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Baby among items listed in teenage scavenger hunt

NORTH MIAMI BEACH, Fla. -- Police were assessing the damage Saturday following a scavenger hunt by more than 100 rampaging teenagers in which a live baby was one of the items the youths were directed to find.

The scavenger hunt resulted in 28 arrests and police confiscated about $10,000 worth of stolen property. Traffic signs were ripped up, auto license tags stolen and mailboxes, including the poles, were ripped out of the ground.

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Among the 97 items the teenagers were directed to find was a live baby, a live lizard, a speeding ticket issued during the hunt and an application to Brown University.

Police said the hunt had the teenagers rampaging through northeast Dade County before dawn Friday.

'You could see barricades hanging out of the backs of their cars,' said officer Richard Boles. 'You could tell they had ripped stuff out the walls. Every car had pliers, bolt cutters, screwdrivers, crowbars, you name it. They didn't care how they got the stuff.'

Most of the stolen property was county or state owned and included an Interstate 95 sign, street signs and city license tags. Also stolen were mailboxes with the posts still attached.

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The teenagers, all of whom were 16 or 17 years old, were in teams of three and paid $5 to participate. Police said the winners were to split the pot.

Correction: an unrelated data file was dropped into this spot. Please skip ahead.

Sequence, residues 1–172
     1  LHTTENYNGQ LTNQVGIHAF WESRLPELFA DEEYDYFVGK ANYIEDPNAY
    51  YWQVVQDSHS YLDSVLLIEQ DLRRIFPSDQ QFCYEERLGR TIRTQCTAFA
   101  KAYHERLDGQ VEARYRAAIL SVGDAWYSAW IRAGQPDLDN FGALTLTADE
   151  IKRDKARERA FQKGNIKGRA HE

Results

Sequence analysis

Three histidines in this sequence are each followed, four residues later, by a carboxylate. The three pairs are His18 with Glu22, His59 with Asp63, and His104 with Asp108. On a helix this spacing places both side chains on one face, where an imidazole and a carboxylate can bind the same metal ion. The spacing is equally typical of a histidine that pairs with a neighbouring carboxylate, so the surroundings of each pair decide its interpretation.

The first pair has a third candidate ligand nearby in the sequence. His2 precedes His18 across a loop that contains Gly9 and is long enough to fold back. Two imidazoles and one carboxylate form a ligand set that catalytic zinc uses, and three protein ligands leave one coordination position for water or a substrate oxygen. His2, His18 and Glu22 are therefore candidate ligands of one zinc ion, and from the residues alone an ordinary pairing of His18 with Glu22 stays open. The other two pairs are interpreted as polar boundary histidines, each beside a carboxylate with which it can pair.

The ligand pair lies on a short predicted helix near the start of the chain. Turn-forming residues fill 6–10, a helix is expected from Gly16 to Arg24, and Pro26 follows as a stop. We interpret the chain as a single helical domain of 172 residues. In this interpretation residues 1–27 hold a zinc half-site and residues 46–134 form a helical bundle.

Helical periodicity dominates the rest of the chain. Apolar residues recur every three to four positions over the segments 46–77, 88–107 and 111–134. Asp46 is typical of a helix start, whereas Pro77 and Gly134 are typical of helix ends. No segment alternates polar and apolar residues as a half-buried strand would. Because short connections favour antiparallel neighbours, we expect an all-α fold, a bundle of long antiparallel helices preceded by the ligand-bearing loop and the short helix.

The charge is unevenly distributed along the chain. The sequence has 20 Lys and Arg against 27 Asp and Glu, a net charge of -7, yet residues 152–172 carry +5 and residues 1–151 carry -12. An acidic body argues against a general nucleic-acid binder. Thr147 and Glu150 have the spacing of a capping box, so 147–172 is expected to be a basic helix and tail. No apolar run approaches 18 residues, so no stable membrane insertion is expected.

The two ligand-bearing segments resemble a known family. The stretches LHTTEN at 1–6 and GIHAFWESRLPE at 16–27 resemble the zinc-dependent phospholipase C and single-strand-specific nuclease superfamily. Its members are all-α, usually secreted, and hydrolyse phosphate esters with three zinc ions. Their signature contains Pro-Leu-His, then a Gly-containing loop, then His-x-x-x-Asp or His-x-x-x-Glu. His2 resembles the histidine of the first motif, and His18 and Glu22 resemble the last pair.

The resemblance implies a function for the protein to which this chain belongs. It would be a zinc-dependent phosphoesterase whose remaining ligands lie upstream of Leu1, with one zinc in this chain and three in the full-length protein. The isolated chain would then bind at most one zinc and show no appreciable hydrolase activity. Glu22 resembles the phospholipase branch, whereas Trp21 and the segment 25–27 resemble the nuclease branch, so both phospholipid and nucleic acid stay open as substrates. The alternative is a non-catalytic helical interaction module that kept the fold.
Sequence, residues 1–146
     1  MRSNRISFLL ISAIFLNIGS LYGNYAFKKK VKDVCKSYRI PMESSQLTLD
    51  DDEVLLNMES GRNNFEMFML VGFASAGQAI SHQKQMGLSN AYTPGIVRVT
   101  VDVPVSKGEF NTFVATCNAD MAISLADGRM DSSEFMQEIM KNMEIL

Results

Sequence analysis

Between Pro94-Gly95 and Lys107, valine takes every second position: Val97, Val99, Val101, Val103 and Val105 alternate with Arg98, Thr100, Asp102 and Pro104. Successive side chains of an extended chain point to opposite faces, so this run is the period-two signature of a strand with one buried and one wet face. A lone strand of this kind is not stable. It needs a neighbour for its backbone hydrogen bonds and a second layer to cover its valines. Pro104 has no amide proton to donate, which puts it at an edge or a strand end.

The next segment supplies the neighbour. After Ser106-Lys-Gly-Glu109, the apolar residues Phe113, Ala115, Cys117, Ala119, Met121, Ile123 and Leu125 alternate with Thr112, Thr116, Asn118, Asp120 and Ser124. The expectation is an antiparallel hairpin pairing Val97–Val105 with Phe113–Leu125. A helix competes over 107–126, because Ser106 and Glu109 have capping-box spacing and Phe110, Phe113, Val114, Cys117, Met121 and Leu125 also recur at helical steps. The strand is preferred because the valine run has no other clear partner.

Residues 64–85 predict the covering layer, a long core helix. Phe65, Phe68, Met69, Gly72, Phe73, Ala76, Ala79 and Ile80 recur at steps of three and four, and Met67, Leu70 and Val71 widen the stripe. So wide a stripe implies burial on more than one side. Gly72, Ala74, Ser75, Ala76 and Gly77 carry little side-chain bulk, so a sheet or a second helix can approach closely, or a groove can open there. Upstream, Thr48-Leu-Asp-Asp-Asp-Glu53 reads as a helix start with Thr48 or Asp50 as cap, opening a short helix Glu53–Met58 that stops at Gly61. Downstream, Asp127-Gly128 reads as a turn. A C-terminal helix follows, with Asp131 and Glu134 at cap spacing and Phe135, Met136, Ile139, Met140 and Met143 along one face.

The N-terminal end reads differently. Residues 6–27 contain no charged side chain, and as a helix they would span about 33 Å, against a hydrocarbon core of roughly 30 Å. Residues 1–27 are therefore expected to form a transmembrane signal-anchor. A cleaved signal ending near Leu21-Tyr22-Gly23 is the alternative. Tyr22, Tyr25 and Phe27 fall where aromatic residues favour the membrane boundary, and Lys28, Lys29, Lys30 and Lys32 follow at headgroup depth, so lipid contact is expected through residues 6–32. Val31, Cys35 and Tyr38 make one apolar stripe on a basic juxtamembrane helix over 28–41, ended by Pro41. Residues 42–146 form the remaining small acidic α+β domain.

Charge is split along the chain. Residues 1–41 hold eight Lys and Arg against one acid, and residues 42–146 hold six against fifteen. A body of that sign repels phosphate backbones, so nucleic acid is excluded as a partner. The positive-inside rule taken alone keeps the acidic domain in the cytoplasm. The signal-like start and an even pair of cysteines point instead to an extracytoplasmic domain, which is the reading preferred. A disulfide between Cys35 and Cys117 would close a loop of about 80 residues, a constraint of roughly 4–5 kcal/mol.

Points were awarded for each item collected and they were rated by the degree of difficulty required to obtain. The live baby was worth 100 points. Police said they had no evidence that anyone actually tried to obtain a baby.

Police obtained a copy of the scavenger list when some participants were caught trying to steal a store sign. The charges issued to those apprehended ranged from grand theft to trespassing and 18 were felony arrests. Only about one-third of the participants involved were arrested, police said.

The teenagers were released to their parents or guardians, some of whom, police said, condoned the hunt.

'Most of the parents were concerned, but there were a few parents who acted like we were putting them out when we called them to pick up their kids,' said Sgt. Al Llapur, of the Metro-Dade County police.

'They thought that this was just some thing that kids do all the time. Some of the parents are probably to blame for this since they knew what was going down. They didn't look at this like it was a serious thing.'

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Llapur quoted one participant as saying the group had intentions of returning the stolen goods within two weeks of the hunt.

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